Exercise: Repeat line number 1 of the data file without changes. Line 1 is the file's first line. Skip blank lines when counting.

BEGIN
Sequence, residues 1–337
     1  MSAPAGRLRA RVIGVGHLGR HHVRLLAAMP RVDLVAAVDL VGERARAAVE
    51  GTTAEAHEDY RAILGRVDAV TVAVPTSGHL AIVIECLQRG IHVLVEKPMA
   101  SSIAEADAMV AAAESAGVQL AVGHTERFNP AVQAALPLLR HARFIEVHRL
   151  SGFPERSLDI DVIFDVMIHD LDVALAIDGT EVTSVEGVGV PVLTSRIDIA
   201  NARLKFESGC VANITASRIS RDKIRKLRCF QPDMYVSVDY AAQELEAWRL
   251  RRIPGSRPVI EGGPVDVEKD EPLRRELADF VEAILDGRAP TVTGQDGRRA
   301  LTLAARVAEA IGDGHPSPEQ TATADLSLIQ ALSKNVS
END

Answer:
Sequence, residues 1–337